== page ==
Nickelback/ Feb. 28, 2009 / Detroit (Joe Louis Arena)

Nickelback has been a big, arena-sized rock band for the better part of a decade. Now it's starting to act like one.

The multi-platinum Canadian quartet's show in support of its sixth studio album, 2008's "Dark Horse," marks its first real foray into big-time rock 'n' roll visual spectacle -- at least the kind befitting a group that's sold more than 27 million albums and who's last release, 2005's "All the Right Reasons," set all sorts of marks for chart longevity. On stage in Detroit frontman Chad Kroeger cheerfully referred to it as "silliness," but the pyrotechnic-laden 110-minute show wrapped a new veneer around Nickelback's meat-and-potatoes pop-rock mix, adding some eye-candy to the parade of ear-catching hooks that are the band's stock in trade.

Kroeger even declared himself "a kid in a candy show" early in the show, and the 17-song set boasted a confectionery kind of random variety. Ushered on stage by three gun-shot style concussions, the clad-in-black Nickelback regaled the sellout crowd of 17,500 (including Kid Rock and many fans from the band's homeland, situated just across the river) with both expected hits, mixing hard rockers ("Something in Your Mouth," "Burn it to the Ground," "Animals") and hits ("Photograph," "Far Away," "How You Remind Me," "Someday") and tossing in some surprises. Shaun Morgan from opening act Seether joined Nickelback to sing Filter's "Hey Man, Nice Shot" -- and was chided by Kroeger for ringing up $1,800 worth of lap dances on his credit card the previous night -- while guitarist Ryan Peake covered Kings of Leon's "Use Somebody" during the first icons.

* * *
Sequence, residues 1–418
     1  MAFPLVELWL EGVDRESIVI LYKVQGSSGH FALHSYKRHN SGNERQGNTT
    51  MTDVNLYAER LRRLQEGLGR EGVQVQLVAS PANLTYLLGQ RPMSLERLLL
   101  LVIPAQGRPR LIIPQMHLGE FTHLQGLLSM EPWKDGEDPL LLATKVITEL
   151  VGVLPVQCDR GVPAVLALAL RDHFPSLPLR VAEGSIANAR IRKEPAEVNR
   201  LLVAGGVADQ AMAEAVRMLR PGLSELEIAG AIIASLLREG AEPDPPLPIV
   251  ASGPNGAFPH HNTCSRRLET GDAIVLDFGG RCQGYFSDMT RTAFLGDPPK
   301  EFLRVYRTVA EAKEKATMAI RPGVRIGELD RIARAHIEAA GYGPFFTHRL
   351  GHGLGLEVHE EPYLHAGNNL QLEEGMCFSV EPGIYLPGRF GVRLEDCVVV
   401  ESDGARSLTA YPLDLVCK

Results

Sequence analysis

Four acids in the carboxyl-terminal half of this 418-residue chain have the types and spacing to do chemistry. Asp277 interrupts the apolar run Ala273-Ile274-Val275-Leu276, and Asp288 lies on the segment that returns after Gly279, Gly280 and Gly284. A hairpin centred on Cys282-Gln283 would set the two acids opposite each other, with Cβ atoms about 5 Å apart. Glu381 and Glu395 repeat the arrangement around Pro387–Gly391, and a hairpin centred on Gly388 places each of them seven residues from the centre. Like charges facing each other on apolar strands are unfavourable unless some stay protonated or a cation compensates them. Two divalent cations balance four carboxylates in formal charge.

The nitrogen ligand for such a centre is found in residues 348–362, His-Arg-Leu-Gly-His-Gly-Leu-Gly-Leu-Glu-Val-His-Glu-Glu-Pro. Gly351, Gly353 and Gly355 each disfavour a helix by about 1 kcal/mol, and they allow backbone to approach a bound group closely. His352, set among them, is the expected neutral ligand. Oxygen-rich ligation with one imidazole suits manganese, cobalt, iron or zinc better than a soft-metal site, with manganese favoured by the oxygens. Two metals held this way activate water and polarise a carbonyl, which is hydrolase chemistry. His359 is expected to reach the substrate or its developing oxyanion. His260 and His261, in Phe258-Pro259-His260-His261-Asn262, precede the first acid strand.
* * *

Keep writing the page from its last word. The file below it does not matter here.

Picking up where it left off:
Fireworks and flames exploded from the stage throughout the night, and four of the band's crew members came on stage armed with "T-shirt sniper cannons (sic)" to fire souvenirs into the crowd while Nickelback played a portion of Metallica's "Sad But True." A large video wall towered behind the band, while a runway took the group out to a smaller second stage on which it played unplugged-style versions of the country-flavored "This Afternoon" and "Rockstar."

Drummer Daniel Adair, meanwhile, played a late-set solo on a moving, rising, rotating hydraulic drum kit worthy of Motley Crue's Tommy Lee. And Kroeger, whose between-song chattiness was similar (if somewhat more profane) to country mate Celine Dion's, openly and shamelessly lobbied auxiliary musician Tim Dawson to stay with his band and not switch to Alice In Chains, at one point even serenading him KWS' sappy 1992 pop hit "Please Don't Go."

There were sober and sentimental moments as well. "Photograph" and "Rockstar" were both accompanied by a smooth montage of vintage photos, while the socially conscious "If Everyone Cared" featured video tributes to U2 frontman Bono, Doctors Without Borders, Amnesty International and Nelson Mandela. But a good time was preeminent in Nickelback's mind, with Kroeger even mulling the cost of 17,000 Jaeger bombs for his fans. They surely would have taken them (even, we expect, the underage ones) but they were more than happy enough with both the musical and special effects bombs Nickelback set off on stage.